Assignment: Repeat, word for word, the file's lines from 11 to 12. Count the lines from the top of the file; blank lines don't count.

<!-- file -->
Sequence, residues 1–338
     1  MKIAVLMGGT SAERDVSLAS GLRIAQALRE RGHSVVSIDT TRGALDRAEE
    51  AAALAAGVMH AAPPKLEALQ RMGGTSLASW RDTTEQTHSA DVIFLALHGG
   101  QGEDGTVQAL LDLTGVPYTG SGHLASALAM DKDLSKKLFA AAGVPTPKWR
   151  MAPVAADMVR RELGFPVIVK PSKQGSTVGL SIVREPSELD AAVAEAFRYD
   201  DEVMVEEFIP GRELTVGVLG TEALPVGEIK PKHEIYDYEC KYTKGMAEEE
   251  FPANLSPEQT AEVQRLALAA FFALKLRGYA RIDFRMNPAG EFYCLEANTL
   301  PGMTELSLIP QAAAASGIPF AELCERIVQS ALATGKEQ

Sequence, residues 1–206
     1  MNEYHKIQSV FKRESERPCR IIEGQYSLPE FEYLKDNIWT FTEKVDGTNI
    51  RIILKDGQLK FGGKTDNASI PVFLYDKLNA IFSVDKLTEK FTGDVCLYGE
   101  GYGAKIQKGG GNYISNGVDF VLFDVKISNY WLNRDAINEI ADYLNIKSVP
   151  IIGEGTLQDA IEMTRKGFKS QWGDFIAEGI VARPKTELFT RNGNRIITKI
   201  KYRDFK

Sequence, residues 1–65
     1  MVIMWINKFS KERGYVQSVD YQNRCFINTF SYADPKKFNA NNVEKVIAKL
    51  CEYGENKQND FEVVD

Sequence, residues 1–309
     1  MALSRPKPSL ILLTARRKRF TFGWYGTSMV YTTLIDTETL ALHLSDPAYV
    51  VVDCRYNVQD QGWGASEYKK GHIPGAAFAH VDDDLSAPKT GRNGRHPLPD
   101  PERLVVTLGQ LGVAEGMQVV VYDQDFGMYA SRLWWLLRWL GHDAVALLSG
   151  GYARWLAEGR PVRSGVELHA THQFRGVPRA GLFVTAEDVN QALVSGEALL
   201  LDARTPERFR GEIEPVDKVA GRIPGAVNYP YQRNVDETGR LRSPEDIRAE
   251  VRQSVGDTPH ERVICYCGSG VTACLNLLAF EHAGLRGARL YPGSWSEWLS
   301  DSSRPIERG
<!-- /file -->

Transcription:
    51  RIILKDGQLK FGGKTDNASI PVFLYDKLNA IFSVDKLTEK FTGDVCLYGE
   101  GYGAKIQKGG GNYISNGVDF VLFDVKISNY WLNRDAINEI ADYLNIKSVP